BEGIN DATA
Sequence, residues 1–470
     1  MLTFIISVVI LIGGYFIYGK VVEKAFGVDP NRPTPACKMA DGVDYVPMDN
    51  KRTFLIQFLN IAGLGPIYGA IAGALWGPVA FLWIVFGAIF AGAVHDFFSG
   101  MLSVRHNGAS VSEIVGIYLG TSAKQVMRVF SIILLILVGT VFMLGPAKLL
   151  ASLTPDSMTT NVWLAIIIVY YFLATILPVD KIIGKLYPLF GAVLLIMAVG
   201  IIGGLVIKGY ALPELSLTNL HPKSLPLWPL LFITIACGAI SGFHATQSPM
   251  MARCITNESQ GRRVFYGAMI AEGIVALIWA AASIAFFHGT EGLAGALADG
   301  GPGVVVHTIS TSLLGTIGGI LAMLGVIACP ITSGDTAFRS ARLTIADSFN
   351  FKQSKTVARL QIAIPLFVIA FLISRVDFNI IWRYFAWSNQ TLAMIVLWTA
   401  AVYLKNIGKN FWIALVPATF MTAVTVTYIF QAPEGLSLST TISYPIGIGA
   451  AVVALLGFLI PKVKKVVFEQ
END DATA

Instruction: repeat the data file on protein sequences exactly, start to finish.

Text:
Sequence, residues 1–470
     1  MLTFIISVVI LIGGYFIYGK VVEKAFGVDP NRPTPACKMA DGVDYVPMDN
    51  KRTFLIQFLN IAGLGPIYGA IAGALWGPVA FLWIVFGAIF AGAVHDFFSG
   101  MLSVRHNGAS VSEIVGIYLG TSAKQVMRVF SIILLILVGT VFMLGPAKLL
   151  ASLTPDSMTT NVWLAIIIVY YFLATILPVD KIIGKLYPLF GAVLLIMAVG
   201  IIGGLVIKGY ALPELSLTNL HPKSLPLWPL LFITIACGAI SGFHATQSPM
   251  MARCITNESQ GRRVFYGAMI AEGIVALIWA AASIAFFHGT EGLAGALADG
   301  GPGVVVHTIS TSLLGTIGGI LAMLGVIACP ITSGDTAFRS ARLTIADSFN
   351  FKQSKTVARL QIAIPLFVIA FLISRVDFNI IWRYFAWSNQ TLAMIVLWTA
   401  AVYLKNIGKN FWIALVPATF MTAVTVTYIF QAPEGLSLST TISYPIGIGA
   451  AVVALLGFLI PKVKKVVFEQ